Corsicana Daily Sun, Corsicana, Texas

Community News Network

May 8, 2013

When the earth moves under our feet

One of the most breath-taking geologic events is a major earthquake. In just a few moments, shaking of the Earth can result in billions of dollars of damage and thousands of lives lost.

Many earthquakes are related to the movement of tectonic plates, the large chunks of the Earth’s outer surface that move with respect to each other. Plates are “born” in places like Iceland, where magma comes up from below and creates oceanic plate material. Plates “die” where one plate dives beneath another and ultimately is pulled and pushed down so deeply into the Earth it melts away. Plates vary a bit in how fast they move, but about an inch or two a year is not uncommon.

One example regarding tectonic movement is in the Pacific Northwest. The Cascadia subduction zone is the area where the Juan de Fuca plate is diving under the North American plate. The movement generates major earthquakes from time to time. The most recent mega-quake occurred in 1700. Geologists think the region is about due for another similar event.

Recently I was reading in Science News about new information regarding earthquakes and plate movement. In the Cascadia region something called “slow slip” happens about every 15 months. Slow slip occurs when the rocks on either side of a major fault move about the same amount as in a major earthquake, but they do so over weeks to months rather than almost instantaneously.  

The evidence for slow slip was documented first for Cascadia in the bedrock of Vancouver Island, British Columbia. Now that geologists know what to look for, slow slip events have been identified the world around. In Japan, some slow slip events have been documented that occur about each three to five years and last a few months, while others occur more frequently.

Text Only
Community News Network
  • American sunscreens need an upgrade

    The last time a new sunscreen ingredient came on the U.S. market, the Y2K bug was threatening to destroy our way of life. Intel had just introduced the Pentium III processor, featuring an amazing 500 MHz of computing power.

    April 24, 2014

  • 20140424-AMX-COFFEE24.jpg Coffee growers' prayers for rain met with threat of deluge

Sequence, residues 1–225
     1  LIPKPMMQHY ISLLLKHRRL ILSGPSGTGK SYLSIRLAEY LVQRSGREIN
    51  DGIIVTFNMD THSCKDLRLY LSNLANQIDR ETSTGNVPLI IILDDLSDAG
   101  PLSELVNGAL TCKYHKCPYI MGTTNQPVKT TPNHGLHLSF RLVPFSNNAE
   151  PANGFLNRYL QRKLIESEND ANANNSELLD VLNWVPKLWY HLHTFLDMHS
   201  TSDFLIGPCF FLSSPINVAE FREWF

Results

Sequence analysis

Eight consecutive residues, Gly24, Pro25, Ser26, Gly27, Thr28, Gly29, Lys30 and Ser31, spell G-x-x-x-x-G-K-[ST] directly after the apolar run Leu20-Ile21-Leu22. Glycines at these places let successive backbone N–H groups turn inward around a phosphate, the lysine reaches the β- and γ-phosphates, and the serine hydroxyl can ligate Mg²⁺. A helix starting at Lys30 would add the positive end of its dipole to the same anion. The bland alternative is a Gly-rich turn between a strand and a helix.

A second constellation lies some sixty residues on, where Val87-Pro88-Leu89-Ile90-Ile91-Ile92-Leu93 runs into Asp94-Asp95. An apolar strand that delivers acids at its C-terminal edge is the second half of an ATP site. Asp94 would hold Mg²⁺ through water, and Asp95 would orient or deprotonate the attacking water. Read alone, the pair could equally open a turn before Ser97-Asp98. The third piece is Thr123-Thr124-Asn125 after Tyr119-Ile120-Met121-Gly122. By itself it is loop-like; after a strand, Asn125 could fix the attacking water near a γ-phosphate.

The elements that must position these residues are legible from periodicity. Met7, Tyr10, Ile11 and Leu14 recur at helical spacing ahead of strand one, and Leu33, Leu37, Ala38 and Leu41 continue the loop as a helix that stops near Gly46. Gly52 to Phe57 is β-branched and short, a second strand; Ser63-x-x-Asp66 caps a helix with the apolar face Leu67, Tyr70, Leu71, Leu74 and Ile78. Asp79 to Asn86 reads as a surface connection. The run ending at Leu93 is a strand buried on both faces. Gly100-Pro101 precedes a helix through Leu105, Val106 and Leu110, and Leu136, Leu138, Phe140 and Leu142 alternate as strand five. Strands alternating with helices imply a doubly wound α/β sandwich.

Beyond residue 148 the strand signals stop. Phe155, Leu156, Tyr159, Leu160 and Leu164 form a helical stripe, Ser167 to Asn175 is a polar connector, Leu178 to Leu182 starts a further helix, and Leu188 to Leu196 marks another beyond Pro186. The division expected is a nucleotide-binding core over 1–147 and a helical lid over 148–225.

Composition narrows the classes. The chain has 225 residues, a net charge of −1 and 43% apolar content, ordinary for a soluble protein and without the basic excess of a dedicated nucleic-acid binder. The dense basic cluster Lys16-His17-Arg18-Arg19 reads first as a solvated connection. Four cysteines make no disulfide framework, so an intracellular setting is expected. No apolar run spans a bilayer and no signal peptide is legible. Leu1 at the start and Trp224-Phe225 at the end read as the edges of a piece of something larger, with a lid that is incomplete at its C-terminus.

Brazil's drought made arabica coffee this year's best-performing commodity. Now, farmers are facing a downpour that is once more threatening crops.

    April 24, 2014 1 Photo

  • Celebrity quack moms are a terrible influence on everyday parents

    On April 15, the actress Alicia Silverstone released a book called "The Kind Mama: A Simple Guide to Supercharged Fertility, a Radiant Pregnancy, a Sweeter Birth, and a Healthier, More Beautiful Beginning." It's chock-full of attachment parenting lessons and dangerous misinformation.

    April 24, 2014

  • Affirmative action ruling challenges colleges seeking diversity

    The U.S. Supreme Court's support of Michigan's ban on race-based affirmative action in university admissions may spur colleges to find new ways to achieve diversity without using racial preferences.

    April 23, 2014

  • A 'wearable robot' helps her walk again

    Science is about facts, numbers, laws and formulas. To be really good at it, you need to spend a lot of time in school. But science is also about something more: dreaming big and helping people.

    April 23, 2014

  • Cuba is running out of condoms

    The newest item on Cuba's list of dwindling commodities is condoms, which are now reportedly in short supply. In response, the Cuban government has approved the sale of expired condoms.

    April 23, 2014

  • The waffle taco's biggest enemy isn't McDonald's. It's consumer habits.

    Gesturing to Taco Bell, Thompson said McDonald's had "not seen an impact relative to the most recent competitor that entered the [breakfast] space," and that new competition would only make McDonald's pursue breakfast more aggressively.

    April 23, 2014

  • Screen Shot 2014-04-22 at 4.42.47 PM.png VIDEO: Leopard attacks crowd in India

    A leopard caused panic in the city of Chandrapur when it sprung from the roof of a house and charged at rescue workers.

    April 22, 2014 1 Photo

  • The top 12 government programs ever

    Which federal programs and policies succeed in being cost-effective and targeting those who need them most? These two tests are obvious: After all, why would we spend taxpayers' money on a program that isn't worth what it costs or helps those who do not need help?

    April 22, 2014

  • In cuffs... 'Warlock' in West Virginia accused of sexual assault

    Police in West Virginia say a man claiming to be a “warlock” used promises of magical spells to lure children into committing sexual acts with him.

    April 22, 2014 1 Photo

AP Video
US Proposes Pay-for-priority Internet Standards Wife Mourns Chicago Doctor Killed in Afghanistan FDA Proposes Regulations on E-cigarettes Kerry Warns Russia of Expensive New Sanctions Mideast Peace Talks Stall on Hamas Deal Cody Walker Remembers His Late Brother Paul Grieving South Korea Puts Up Yellow Ribbons Raw: Kerry Brings His Dog to Work Raw: Girls Survive Car Crash Into Their Bedroom Three U.S. Doctors Killed by Afghan Security Yankees' Pineda Suspended 10 Games for Pine Tar Colleagues Mourn Death of Doctors in Afghanistan Ukraine Launches Operation Against Insurgents Obama Reassures Japan on China Raw: Car Crashes Into San Antonio Pool Time Magazine Announces Top Influencers List Raw: Angry Relatives Confront SKorea Officials Bigger Riders Means Bigger Horses Out West Yankees Pineda Ejected for Pine Tar Deadly Fungus Killing Bats, Spreading in US
House Ads
Twitter Updates
Hyperlocal Search
Premier Guide
Find a business

Walking Fingers
Maps, Menus, Store hours, Coupons, and more...
Premier Guide